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Will US contractor CACI finally be punished for Abu Ghraib torture?

There still might be justice for three detainees who say private interrogators were on site and complicit in the heinous acts.

Analysis | Middle East

Who could possibly forget the infamous dog leash photo? The human pyramid? The female soldier posing with a "thumbs up" in front of a dead Iraqi prisoner?

The names Lynddie England, Janice Karpinksi and Charles Granier became synonymous with the Abu Ghraib torture scandal. But we know now that those who directed the torture from the Pentagon, who set the conditions on the ground in that prison, were never held truly accountable. The only ones who did time were the low ranking National Guardsmen and intelligence officers. Then-Brigadier Gen. Karpinski (who didn’t go to jail but was relieved of her command and was demoted in rank) was clearly the scapegoat among the top brass. 

Karpinksi always contended that she was sacrificed (and revelations since bear her out) and that the torture in part had been put into motion in part by interrogators supplied by the private defense contractor CACI. There is still hope, a thin thread, however, that CACI will be punished for its complicity in the torture, which not only included the aforementioned, Geneva Convention-violating atrocities, but according to the 13-year-old Center for Constitutional Rights suit on behalf of three former detainees: sensory deprivation, beatings, tasering, withholding of food and water, electric shocks, and sexual abuse.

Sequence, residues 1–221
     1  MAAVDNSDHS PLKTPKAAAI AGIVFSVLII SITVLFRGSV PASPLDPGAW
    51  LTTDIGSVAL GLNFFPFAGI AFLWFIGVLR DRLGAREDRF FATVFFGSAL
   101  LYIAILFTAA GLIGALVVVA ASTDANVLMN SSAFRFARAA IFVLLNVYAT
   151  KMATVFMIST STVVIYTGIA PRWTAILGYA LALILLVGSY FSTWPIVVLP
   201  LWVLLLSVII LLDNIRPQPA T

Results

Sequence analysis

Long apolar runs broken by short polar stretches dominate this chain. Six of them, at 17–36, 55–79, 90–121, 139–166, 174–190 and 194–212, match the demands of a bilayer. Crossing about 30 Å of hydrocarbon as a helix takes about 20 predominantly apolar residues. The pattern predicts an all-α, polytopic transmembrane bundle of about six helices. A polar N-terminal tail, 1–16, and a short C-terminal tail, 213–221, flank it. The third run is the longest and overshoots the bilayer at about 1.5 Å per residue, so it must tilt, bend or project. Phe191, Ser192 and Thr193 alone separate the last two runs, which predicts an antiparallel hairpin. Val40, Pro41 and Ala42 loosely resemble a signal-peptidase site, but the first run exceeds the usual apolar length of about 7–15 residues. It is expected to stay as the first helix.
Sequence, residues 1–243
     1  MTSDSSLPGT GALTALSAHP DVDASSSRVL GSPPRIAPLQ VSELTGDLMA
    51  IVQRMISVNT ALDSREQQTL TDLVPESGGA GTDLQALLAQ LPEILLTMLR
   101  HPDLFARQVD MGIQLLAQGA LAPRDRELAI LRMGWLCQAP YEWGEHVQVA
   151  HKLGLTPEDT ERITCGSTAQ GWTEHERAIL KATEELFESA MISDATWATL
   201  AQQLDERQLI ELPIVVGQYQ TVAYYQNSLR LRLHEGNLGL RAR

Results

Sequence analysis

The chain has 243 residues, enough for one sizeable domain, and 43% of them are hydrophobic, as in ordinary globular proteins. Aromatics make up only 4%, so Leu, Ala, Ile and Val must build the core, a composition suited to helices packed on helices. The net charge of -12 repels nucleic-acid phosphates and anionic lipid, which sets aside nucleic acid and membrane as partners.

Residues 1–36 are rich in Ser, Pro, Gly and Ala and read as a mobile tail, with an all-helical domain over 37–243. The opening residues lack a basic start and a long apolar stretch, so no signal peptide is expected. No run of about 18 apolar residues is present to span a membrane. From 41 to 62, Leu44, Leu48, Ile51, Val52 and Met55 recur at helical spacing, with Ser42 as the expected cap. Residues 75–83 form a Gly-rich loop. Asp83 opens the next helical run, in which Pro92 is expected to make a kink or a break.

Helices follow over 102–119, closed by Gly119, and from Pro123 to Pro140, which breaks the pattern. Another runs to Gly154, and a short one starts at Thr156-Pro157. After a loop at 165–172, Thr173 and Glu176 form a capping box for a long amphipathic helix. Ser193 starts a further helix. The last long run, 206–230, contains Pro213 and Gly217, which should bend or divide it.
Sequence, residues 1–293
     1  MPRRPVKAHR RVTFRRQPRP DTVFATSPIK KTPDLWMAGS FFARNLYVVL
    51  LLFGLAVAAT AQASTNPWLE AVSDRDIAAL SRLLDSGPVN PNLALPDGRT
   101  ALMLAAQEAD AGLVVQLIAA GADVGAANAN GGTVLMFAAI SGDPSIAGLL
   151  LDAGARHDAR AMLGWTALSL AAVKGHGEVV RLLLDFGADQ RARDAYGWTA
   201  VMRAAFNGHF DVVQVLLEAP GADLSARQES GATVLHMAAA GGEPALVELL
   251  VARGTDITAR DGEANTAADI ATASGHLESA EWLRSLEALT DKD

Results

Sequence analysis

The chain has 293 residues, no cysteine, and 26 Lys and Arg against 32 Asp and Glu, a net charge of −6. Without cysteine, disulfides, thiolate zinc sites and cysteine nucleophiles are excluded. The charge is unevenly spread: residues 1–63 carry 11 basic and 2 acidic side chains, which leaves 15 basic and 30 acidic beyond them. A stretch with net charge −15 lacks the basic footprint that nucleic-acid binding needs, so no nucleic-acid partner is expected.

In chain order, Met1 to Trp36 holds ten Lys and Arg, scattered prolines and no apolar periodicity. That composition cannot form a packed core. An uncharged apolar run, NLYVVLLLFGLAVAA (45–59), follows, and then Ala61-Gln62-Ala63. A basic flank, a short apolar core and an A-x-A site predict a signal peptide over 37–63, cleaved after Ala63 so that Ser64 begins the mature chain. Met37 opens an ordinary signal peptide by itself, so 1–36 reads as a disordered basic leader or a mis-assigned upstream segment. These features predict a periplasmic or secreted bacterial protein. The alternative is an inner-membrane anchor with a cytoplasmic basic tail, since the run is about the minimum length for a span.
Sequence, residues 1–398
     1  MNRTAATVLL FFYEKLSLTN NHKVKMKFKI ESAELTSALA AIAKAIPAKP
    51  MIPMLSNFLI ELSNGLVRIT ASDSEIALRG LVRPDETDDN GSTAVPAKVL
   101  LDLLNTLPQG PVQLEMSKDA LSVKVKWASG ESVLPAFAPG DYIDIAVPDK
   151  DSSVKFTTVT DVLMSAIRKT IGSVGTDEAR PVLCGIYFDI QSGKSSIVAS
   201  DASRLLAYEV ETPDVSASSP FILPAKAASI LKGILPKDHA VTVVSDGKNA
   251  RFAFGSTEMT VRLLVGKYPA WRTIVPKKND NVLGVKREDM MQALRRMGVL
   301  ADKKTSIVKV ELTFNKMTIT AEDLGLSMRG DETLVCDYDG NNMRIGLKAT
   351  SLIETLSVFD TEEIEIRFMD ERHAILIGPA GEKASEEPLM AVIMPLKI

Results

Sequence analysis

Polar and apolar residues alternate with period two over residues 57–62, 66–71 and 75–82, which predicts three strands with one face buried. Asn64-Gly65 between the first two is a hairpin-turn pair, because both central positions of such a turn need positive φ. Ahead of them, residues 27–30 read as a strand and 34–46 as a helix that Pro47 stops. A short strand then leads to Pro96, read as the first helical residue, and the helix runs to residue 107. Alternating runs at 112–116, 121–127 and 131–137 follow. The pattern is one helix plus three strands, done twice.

We know that the so-called "torture memos" drafted by John Yoo, then-Assistant Attorney General in the Bush Administration, were used to set the gears in motion for what was called “harsh interrogation techniques” and U.S. detention centers across the Global War on Terror. We know Maj. Gen. Geoffrey Miller oversaw the Guantanamo Bay prison, at which there was widespread accusations of similar abuse. Evidence suggests that his deployment to Abu Ghraib to “Gitmoize” the Iraqi hellhole was instigated by none other than Secretary of Defense Donald Rumsfeld. Apparently, mission accomplished.

CACI has denied all allegations and has contended that as a government contractor it is immune from lawsuits anyway, but in June the U.S. Supreme Court refused to hear its appeal and the case is finally headed to trial. CACI had managed to get this case tossed out at least twice but it was reinstated upon appeal. They are trying for a third time, but at a hearing on Friday, the U.S. District Court judge overseeing the case seemed skeptical. So are we. We know how much the contractor has benefitted from our wars after 9/11 and how much money it put into lobbying for the U.S. to stay in Afghanistan.

Yesterday, the Center for International Policy and the Costs of War Project issued a new report finding that defense contractors received upwards of half of taxpayer-funded Pentagon budgets over the last 20 years. It is time they are held accountable for what they did with it.

Saddam Saleh, a former prisoner in Abu Ghraib prison shows a picture, showing himself in the middle of the group of prisoners, during an interview with Reuters, in Iraqi capital Baghdad on May 17, 2004. Imprisoned at Abu Ghraib for four months, Saleh spent 18 days, 23 hours a day, chained naked by his arms and legs to the bars of his prison cell, and it was Charles Graner, he says, who meted out the worst of the torture, humiliation and abuse. Picture taken May 17, 2004. REUTERS/Oleg Popov OP/WS
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